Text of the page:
Synthetic Dihydrosphingosines

Dihydrosphingosine (sphinganine) is the precursor of dihydroceramide which is then desaturated to form ceramide. It is a critical intermediate in the synthesis of many complex sphingoid bases and ceramide analogs. It has been suggested that dihydrosphingosine may induce cell death in malignant cells.1 Inhibition of dihydroceramide synthesis by some fungal toxins having a similar structure causes an increase in dihydrosphingosine and dihydrosphingosine-1-phosphate and a decrease in other sphingolipids, leading to a number of diseases including oesophageal cancer.2 Dihydrosphingosine has been found to mediate fumonisin (a toxic dihydrosphingosine analog) induced hypotension.3 Yeasts contain mainly the saturated C18 base dihydrosphingosine rather than the unsaturated C18 base sphingosine which is common in animals.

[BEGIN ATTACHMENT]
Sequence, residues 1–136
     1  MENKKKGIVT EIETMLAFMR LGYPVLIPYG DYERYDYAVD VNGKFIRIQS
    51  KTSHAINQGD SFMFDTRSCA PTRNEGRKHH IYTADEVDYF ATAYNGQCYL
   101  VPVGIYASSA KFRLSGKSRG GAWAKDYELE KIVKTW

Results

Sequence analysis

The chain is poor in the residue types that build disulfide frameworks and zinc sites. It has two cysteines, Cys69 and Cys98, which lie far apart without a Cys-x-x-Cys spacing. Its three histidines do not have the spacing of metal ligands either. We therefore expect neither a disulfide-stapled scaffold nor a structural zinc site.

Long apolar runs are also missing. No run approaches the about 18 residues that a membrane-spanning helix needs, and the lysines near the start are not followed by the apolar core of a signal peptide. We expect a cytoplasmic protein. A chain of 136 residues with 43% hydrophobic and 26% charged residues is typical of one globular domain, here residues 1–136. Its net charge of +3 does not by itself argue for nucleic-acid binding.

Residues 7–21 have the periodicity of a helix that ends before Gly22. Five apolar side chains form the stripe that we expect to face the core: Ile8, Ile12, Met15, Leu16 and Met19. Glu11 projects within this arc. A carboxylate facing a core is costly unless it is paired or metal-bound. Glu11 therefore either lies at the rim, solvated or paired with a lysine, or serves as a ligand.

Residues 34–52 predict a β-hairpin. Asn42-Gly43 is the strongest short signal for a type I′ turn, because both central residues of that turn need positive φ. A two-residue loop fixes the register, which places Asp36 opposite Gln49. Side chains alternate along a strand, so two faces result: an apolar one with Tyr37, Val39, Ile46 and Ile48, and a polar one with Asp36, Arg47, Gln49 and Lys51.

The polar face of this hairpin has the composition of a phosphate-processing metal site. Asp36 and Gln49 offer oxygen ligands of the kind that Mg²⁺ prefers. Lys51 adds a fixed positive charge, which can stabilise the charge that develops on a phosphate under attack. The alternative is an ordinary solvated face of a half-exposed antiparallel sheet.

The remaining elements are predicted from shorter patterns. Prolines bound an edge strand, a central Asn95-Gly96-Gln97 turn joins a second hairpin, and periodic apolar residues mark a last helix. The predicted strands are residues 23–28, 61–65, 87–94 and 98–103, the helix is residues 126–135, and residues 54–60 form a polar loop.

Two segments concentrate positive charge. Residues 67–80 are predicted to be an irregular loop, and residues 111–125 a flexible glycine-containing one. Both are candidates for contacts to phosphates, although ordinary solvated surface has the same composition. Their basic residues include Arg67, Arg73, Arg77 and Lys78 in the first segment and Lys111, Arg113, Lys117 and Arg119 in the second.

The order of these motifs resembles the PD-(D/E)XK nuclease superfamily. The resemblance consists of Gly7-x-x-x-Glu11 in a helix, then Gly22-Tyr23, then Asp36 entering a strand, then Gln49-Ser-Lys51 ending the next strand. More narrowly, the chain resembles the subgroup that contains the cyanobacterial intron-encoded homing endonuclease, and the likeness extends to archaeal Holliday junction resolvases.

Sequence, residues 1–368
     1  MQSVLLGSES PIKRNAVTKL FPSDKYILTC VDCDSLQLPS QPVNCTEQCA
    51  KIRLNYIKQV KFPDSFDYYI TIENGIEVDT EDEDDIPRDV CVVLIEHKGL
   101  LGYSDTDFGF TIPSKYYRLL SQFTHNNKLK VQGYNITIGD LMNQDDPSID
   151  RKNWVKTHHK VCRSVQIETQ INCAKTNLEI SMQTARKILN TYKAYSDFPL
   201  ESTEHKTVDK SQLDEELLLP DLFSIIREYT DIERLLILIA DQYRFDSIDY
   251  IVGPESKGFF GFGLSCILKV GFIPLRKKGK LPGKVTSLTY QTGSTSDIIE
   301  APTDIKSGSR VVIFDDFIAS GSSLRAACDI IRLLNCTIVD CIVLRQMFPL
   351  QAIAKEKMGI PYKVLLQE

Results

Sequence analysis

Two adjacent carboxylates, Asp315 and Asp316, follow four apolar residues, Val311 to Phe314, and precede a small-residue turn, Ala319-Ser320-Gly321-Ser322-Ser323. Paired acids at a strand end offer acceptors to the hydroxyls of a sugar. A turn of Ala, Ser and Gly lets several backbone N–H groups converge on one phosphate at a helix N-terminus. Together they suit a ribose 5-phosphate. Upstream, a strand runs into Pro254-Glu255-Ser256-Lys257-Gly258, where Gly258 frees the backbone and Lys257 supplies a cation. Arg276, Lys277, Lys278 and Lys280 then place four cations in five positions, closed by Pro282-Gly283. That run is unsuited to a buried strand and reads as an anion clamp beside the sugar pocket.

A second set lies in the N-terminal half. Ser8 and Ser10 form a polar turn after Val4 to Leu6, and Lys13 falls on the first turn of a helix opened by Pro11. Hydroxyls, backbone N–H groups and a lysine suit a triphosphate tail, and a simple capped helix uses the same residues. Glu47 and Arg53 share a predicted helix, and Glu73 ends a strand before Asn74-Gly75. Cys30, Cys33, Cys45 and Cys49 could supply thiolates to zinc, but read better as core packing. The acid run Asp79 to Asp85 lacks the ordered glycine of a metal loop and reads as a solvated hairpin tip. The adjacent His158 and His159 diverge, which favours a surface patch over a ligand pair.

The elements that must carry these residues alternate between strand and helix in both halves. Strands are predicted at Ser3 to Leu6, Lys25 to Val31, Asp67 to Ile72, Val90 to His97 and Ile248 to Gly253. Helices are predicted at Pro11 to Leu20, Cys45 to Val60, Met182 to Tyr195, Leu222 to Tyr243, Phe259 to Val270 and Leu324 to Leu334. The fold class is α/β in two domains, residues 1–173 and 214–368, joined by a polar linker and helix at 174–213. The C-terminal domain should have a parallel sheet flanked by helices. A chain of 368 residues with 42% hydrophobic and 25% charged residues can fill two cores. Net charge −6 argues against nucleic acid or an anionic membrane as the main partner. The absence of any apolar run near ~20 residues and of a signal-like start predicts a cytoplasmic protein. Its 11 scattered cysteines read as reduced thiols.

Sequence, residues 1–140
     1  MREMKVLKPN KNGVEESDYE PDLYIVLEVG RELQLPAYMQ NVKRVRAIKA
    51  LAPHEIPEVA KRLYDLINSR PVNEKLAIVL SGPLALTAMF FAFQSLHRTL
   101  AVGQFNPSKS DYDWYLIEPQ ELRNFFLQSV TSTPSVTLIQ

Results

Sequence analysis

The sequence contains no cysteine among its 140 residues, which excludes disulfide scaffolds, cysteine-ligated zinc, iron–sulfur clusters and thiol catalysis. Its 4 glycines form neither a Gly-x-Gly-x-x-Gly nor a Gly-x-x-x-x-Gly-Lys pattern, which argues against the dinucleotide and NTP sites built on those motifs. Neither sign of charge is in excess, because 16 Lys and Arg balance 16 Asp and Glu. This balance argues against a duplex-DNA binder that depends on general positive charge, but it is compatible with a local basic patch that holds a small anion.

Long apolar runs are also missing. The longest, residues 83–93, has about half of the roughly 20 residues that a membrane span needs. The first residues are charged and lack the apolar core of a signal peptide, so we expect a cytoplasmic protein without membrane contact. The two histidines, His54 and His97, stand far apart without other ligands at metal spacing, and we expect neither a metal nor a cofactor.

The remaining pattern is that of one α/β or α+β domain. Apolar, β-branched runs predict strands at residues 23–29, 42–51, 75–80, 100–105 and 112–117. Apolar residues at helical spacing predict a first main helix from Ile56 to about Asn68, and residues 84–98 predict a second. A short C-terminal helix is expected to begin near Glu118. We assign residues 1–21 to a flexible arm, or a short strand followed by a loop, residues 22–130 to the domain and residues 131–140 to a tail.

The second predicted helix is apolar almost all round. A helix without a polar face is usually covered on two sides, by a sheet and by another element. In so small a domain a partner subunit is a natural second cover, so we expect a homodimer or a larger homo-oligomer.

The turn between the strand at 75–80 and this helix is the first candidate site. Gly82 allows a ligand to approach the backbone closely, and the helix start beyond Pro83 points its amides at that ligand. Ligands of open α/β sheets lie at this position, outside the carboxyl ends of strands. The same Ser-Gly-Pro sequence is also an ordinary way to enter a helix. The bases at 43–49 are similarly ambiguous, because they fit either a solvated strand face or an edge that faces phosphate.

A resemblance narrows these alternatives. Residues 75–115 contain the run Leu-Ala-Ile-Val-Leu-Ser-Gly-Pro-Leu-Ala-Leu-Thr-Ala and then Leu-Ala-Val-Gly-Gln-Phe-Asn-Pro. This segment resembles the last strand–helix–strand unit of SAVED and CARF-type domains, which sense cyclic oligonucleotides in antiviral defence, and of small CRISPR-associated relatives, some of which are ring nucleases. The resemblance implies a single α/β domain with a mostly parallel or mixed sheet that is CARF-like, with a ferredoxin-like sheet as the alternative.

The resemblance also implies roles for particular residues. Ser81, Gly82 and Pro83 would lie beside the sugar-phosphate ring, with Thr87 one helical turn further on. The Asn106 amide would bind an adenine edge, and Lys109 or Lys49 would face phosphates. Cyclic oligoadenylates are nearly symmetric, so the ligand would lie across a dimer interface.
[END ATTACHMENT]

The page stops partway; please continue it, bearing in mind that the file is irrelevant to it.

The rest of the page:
References:

  1. M. Rahmaniyan et al. "Identification of dihydroceramide desaturase as a direct in vitro target for fenretinide" J Biol Chem., Vol. 286(28) pp.24754-64, 2011
  2. L. van der Westhuizen et al. “Sphingoid base levels in humans consuming fumonisin-contaminated maize in rural areas of the former Transkei, South Africa: a cross-sectional study” Food Additives and Contaminants, Vol. 25(11) pp. 1385 – 1391, 2008
  3. Shih-Hsuan Hsiao et al. “Effects of Exogenous Sphinganine, Sphingosine, and Sphingosine-1-Phosphate on Relaxation and Contraction of Porcine Thoracic Aortic and Pulmonary Arterial Rings” Toxicological Sciences, Vol. 86(1) pp. 194-199, 2005